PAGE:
Located on 900 South and 325 East, stepping into Oni is like stepping into a well worn pair of Chuck Taylors: familiar, laid-back and comfortable. Over the addicting buzz of the tattoo machines, rock music is pumped into the cozy shop (but more like Red Fang than Slayer). The dark-toned walls are plastered with flash and beautiful, Asian-inspired artwork. With only a few private rooms, the shop is dominated by one public room where you can watch someone get inked while getting your own—a fantastic distraction for those who aren’t big on pain. Christensen is as much of a surprise as his shop: He’s tall, soft-spoken, professional and calm as a Zen master. Surely running one of the most popular tattoo joints in Salt Lake is more stressful than this?

One thing Christensen has learned in his five years in the business: “Don’t grind yourself into the ground trying to make your business work. I’ve recently stepped back and only take one or two appointments a day, Monday through Friday. For the first three years, I was here five to six days a week, open to close. Now I just kick back and focus on tattooing, and the business runs itself. I could leave for a week and a half and come back and everything would be the same. I trust everyone here, and they trust me.”

Christensen’s cavalcade of incredible tattoo artists have created quite the family at Oni, and he insists this perfect balance of “not too many, not too few” on staff is part of the secret of his success. Current staff includes the legendary Sarah de Azevedo, Shane Barlow, Ryan Johnson, Clark Snyder and Jared Hayes. De Azevedo and Barlow approached Christensen wanting to work for him as soon as word of Oni’s opening came, and Hayes joined the crew after Oni merged with Apparition Ink last January. Christensen plans to hire maybe one more artist, but that’s the limit. “You don’t want too many artists in one shop. It makes it cut-throat. The right amount makes the perfect balance that there’s enough work to stay busy without feeling like other artists are stealing out of each other’s pockets.”

“Cut-throat” is a description used a lot here in Salt Lake, from the music scene to the tattoo scene, and Oni’s opening was not free from this drama. “We’re friends with a lot of studios, but there are a lot of studios that just don’t like when other shops open up. Other cities like Philly or New York, certain artists will go work at other shops across town and then go back to their original studios. Salt Lake just has a weird competitive vibe,” says Christensen. But Christensen insists this roadblock—and the drawback of not being one of the State Street squad—has done nothing to inhibit his business, even in the dawning months. “The first month of business actually went pretty smoothly. There was a lot of sitting around, but only because there was a lot of clientele still trying to find us. Once everyone found us, we were set. By February of the following year, everyone was booked out at least six weeks.”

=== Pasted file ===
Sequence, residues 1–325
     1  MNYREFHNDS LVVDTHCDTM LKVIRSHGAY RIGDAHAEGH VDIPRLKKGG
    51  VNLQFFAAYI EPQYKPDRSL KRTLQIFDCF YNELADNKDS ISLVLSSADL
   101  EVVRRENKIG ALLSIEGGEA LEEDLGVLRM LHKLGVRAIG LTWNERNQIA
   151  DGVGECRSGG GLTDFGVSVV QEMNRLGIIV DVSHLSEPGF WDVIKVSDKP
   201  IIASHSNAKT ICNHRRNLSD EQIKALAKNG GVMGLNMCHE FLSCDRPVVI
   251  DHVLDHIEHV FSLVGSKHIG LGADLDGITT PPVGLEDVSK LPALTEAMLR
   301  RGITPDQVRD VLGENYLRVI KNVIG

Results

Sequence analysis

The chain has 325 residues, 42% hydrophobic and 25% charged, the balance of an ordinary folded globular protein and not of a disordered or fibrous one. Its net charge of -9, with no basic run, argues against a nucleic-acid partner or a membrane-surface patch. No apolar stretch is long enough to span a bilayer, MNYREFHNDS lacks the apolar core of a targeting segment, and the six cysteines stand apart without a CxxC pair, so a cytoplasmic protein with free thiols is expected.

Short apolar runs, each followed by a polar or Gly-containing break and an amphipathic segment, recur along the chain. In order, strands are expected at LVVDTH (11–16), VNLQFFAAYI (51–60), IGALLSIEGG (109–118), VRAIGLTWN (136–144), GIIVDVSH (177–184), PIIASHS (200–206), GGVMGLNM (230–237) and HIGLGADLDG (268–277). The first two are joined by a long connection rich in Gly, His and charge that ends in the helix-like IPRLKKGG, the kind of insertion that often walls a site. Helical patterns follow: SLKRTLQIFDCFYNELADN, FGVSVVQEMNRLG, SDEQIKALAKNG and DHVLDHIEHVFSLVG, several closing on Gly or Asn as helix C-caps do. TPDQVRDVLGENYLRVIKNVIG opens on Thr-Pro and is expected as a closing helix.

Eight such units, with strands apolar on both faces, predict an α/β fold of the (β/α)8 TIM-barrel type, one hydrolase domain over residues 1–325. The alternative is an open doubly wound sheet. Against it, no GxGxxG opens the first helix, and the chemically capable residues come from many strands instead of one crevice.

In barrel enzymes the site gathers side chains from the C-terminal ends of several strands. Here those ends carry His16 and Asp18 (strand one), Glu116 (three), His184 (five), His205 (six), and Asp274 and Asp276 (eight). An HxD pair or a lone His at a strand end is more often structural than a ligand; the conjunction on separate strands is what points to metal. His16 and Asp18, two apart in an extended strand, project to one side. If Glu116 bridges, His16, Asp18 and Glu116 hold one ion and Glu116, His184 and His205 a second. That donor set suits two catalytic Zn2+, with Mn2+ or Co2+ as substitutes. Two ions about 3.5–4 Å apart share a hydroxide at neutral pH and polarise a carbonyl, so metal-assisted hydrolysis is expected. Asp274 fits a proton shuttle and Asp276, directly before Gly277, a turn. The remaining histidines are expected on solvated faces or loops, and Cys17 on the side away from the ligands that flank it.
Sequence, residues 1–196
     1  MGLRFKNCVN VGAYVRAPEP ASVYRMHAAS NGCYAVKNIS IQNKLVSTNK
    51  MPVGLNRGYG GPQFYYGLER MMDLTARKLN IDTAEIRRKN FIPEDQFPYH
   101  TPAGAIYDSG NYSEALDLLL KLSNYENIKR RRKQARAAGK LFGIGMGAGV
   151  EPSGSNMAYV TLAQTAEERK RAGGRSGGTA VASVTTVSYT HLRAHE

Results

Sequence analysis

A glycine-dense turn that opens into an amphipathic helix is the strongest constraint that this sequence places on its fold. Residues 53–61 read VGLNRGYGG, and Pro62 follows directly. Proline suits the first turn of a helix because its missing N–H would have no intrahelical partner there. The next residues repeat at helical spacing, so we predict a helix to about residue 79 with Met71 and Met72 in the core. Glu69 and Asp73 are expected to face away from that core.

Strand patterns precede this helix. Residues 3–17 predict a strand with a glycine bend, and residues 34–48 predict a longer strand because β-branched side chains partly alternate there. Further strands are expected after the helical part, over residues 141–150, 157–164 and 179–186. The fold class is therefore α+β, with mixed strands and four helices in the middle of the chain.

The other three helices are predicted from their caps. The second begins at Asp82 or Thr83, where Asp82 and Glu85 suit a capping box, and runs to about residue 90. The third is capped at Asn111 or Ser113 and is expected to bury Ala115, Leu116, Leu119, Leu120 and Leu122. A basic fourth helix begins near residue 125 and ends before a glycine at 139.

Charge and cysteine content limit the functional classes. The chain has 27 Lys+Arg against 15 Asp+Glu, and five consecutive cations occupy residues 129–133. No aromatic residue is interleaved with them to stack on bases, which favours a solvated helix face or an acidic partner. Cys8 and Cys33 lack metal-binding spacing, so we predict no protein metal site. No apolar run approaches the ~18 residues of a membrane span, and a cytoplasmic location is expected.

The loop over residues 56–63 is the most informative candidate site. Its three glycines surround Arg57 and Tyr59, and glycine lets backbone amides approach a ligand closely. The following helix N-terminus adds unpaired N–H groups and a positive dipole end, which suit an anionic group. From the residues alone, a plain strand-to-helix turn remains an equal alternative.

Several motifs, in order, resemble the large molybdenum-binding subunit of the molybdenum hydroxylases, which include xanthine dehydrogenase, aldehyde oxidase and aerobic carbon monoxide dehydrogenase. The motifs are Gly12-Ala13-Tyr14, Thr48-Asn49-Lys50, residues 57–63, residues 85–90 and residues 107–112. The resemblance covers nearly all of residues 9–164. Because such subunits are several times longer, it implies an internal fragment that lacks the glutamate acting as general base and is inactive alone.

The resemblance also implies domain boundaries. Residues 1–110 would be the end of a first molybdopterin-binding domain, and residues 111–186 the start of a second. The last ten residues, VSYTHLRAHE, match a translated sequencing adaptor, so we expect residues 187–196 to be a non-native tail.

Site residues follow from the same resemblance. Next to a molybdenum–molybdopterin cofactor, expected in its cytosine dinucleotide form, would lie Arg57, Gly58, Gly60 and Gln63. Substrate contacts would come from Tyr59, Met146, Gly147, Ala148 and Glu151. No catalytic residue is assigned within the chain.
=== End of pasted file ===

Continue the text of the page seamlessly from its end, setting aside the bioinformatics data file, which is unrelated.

Christensen’s inspiration for opening his own shop, he says, wasn’t actually to run a successful tattoo studio—his original idea for Oni was to cater to his friends. Christensen has been tattooing for 12 years, starting in high school, when his friendship with “skinheads and punk rockers” motivated him to build his own tattoo machine, like MacGuyver from Hell, out of found parts like guitar strings and a square battery. After a dead-end job as a restaurant manager, Christensen bought a mail-order tattooing kit, began doing his own work from his home, and soon found himself under the apprenticeship of Bonnie Seeley of Quicksand Tattoo. His favorite art to do? “Anything with blood and skulls,” he says. When he took out a second mortgage five years ago to re-do his kitchen, like any reasonable person, Christensen decided to use some of the funds to open a tattoo studio for his buddies. But he had no intentions of being a successful (or otherwise) business owner. “We all used to work together at another place, and once they heard I was opening my own studio, they approached me to ask if they could work for me. I didn’t approach anyone to work here. It all just sort of fell together.”

Now five years later, things are a lot different than he imagined: He is a businessman and a big commercial success. Even culturally, tattoos have made an unexpected leap into mainstream with reality shows like LA Ink and Miami Ink showcasing “real life” in an upscale tattoo joint. From an outsider’s perspective, this exposure follows the ol’ P.T. Barnum “There’s no such thing as bad publicity” school of thought, and may push fence-sitters to finally pick up their balls and get under the needle. Christensen says the shows have certainly contributed more business, but like all good things, it has come with a catch. “People come in and want a portrait done in half an hour and want to pay $60 bucks for it. We’ve had to turn people away before who come in with $100 in their pocket and they want this massive tattoo and want it done in one sitting. I wish the reality shows would show exactly how long the tattoo took and how much it costs. But I don’t mind them, I watch them to make myself feel better. At least my business doesn’t run like that,” says Christensen.

Christensen isn’t running himself to death with all the behind-the-scenes work of a business owner, the shop has smoothed out its day-to-day operations, and everyone has done a lot of growing. While he has no giant business plans for the next five years, Christensen and Oni will continue to participate in the Salt Lake City Tattoo Convention, and maybe hire another artist for their unique and successful staff.

He may not have been planning to be such a smashing success, and he’s happy with where Oni has landed, but is there any one lesson Christensen wishes he could go back in time five years ago and tell himself? “Don’t do it,” he says with a laugh. “Nah, nothing. I think everything went great.”